For the last 10 years, catastrophic losses due to natural and unforeseen disasters have been rising at a rate insurance experts did not predict, says a recent Canadian Underwriter article. In Canada, from 2009 to 2019, insurance companies paid out about $1.9 billion per year for catastrophic losses. That is more than four times the $422 million average for the previous 25 years. Expressed per capita and adjusted for inflation by the Canadian Underwriter, in 1983 the dollar cost per individual for catastrophic losses was $3.70. In 2019, that number had ballooned to $39.03, with the highest years corresponding with Canada’s worst natural disasters. When southern Alberta flooded in June of 2013, per capita costs reached $100.22. In 2016, the Fort McMurray wildfire resulted in the highest-ever total of $148.10.
Insurance companies are aware that being proactive may be our only choice when it comes to dealing with severe weather incidences. Simply sitting back and hoping for the best every time a major storm hits will not help to bring insurance costs down. Experts are recommending a range of ways to mitigate the damage caused by severe weather, including upgrading current properties and instituting guidelines for new properties. The hope is that a reduction in the number and severity of claims due to catastrophic losses will also result in lower premiums for property owners.
Ways to retrofit existing properties
The Office of the Auditor General of Canada’s “2016 Spring Reports of the Commissioner of the Environment and Sustainable Development” reports that more disaster financial assistance has been provided since 2009 than the previous 39 fiscal years combined. That is bad news for both property and business owners, as usually large increases in governmental expenditures are also accompanied by an increase in taxes.
Interestingly, though, the $235 million earmarked by the federal government for three different mitigation programs was “made little use of,” the auditor general says in the report. The main reason for this was a lack of clarity in identifying the most important information and tools for decision makers, something independent groups such as the Task Force For A Resilient Recovery are looking to change. Working with insurance companies, they are among those recommending making better use of existing public funds to retrofit existing buildings to withstand serious storms with less damage. They argue that investing in improving infrastructure to resist events like flooding makes long-term sense for reducing costs incurred because of insured losses, and also helps create a more resource-efficient and climate-friendly economy.
In their September report, the task force made several major recommendations, the first being to invest in climate-resilient and energy-efficient buildings. Recommendation 1.2’s objective is to “Accelerate the retrofitting of existing home and building stocks across Canada, creating jobs, improving energy efficiency and resiliency (including flood proofing), cutting energy costs, reducing energy poverty, increasing Indigenous participation, and advancing zero-carbon heating systems.”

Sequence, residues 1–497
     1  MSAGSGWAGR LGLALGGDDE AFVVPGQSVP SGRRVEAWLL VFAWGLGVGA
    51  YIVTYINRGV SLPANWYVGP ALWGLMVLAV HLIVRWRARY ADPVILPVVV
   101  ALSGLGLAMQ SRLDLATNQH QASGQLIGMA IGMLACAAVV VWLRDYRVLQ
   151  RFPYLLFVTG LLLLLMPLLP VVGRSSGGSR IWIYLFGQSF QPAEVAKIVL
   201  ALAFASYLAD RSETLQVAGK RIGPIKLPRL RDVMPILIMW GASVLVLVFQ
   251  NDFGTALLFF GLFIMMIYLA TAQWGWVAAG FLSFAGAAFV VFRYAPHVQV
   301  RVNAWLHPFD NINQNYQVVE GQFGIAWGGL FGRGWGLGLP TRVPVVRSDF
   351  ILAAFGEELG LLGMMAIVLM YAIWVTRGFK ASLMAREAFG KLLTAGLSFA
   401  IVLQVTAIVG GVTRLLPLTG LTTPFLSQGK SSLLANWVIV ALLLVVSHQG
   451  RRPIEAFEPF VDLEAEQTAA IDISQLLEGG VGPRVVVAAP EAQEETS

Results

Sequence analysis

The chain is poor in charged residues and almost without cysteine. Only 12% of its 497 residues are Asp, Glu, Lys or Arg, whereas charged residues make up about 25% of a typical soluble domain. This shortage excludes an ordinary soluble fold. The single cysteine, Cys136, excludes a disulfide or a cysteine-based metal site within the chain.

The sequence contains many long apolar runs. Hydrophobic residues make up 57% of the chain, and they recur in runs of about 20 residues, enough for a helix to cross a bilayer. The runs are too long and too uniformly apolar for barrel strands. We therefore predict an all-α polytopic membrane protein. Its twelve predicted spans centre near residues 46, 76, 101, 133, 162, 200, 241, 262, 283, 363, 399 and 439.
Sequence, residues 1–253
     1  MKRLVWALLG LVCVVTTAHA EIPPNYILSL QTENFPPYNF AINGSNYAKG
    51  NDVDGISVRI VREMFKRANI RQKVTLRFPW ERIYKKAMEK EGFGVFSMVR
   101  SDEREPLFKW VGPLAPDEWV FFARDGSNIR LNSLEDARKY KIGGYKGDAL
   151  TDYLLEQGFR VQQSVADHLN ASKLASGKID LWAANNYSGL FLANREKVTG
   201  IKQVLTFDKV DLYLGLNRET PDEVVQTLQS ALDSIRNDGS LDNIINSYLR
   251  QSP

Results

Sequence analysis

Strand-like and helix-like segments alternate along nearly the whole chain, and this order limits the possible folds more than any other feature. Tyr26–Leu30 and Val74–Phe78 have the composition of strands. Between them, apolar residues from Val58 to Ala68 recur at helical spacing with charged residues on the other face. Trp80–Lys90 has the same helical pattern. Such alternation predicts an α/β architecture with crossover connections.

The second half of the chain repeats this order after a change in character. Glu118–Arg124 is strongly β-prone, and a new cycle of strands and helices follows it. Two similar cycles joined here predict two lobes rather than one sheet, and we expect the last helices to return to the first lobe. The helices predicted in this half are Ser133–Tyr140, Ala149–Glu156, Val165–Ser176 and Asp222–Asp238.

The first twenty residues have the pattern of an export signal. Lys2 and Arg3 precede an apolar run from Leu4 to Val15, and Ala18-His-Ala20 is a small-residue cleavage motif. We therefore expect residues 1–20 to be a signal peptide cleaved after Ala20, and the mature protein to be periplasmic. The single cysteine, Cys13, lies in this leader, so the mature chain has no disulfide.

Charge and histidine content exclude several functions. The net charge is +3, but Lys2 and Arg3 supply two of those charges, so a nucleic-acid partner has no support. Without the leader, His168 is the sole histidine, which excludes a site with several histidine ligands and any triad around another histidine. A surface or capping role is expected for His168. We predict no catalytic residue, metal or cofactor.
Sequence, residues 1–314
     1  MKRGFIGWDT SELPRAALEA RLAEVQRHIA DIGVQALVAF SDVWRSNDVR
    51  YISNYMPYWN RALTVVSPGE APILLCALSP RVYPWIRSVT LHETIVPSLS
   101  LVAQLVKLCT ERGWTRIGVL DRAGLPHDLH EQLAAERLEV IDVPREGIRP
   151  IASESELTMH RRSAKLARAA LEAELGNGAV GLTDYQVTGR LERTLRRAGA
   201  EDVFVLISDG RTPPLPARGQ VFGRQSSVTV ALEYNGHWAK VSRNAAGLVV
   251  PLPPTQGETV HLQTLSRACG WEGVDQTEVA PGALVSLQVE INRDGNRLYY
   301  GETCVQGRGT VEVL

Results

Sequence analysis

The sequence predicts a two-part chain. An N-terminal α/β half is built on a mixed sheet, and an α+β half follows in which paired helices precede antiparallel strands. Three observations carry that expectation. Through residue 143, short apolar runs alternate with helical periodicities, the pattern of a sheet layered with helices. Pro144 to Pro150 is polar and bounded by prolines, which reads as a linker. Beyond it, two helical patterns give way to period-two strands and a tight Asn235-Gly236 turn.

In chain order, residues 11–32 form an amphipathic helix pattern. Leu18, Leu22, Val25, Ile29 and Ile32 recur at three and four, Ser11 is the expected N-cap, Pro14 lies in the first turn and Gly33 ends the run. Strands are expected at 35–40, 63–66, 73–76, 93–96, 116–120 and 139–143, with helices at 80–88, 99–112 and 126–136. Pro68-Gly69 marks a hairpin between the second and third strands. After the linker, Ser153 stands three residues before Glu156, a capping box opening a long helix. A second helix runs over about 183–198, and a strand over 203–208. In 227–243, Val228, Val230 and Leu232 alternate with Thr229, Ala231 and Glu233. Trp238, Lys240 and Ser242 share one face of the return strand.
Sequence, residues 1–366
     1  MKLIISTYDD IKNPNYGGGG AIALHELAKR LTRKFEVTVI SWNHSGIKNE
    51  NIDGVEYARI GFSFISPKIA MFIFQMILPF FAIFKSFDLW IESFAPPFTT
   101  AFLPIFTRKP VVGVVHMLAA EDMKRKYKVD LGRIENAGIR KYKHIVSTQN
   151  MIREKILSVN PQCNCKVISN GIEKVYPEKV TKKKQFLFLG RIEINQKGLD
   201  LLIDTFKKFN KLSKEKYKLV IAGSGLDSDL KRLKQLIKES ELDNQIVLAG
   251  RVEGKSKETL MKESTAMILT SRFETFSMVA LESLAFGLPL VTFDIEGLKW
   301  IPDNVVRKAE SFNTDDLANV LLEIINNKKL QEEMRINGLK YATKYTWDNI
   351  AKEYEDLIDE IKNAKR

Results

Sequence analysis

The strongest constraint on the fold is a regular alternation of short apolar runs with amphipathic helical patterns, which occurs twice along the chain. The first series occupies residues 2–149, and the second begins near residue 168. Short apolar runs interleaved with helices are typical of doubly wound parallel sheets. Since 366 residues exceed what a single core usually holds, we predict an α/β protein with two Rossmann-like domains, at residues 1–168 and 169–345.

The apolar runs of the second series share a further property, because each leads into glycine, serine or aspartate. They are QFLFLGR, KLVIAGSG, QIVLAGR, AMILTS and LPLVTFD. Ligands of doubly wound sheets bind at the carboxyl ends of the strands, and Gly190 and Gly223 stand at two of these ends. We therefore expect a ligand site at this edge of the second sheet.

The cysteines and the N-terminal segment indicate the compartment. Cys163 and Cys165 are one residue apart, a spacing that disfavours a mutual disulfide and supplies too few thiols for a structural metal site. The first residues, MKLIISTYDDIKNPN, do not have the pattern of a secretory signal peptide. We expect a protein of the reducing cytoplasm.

The task force says they would accomplish this objective in several ways, including, “By adopting the new national model building code incorporating net-zero and resiliency measures in the next year, while also providing incentives for provincial uptake; collaborating with provinces and the private sector on adoption of building energy performance and resilience disclosure requirements; and investing $2 million to integrate a ‘ResiliGuide’ rating, to measure the climate resilience of buildings, into the EnerGuide for Homes certification system.”
They are referring to the Insurance Bureau of Canada’s (IBC) Resilient Home Retrofits Program Proposal of 2020, in which the IBC proposes the creation of a ResiliGuide home resiliency rating and labelling system similar to EnerGuide, which has helped increase the energy efficiency of products by introducing an official mark of the Government of Canada for those that match certain criteria. The IBC’s Resilient Home Retrofits Program Proposal would work the same way. The IBC says, “In the context of pandemic recovery spending, one of the greatest opportunities available to the federal government is to operationalize a plan to make Canadian homes more climate resilient.”
Some of the highlights of the retrofit program would include:
- Training advisors in home flood protection measures
- Applying a federal tax credit to incentivize retrofits
- Introducing a mortgage insurance incentive for those who have attained a ResiliGuide rating
The IBC estimates that these sorts of home improvements only cost about $2,500, which could greatly offset the $41,000 average cost of insurance claims due to flooding. Some may say the program should be taken even further to assist those in areas prone to devastating hail and wildfiresv… such as Alberta.
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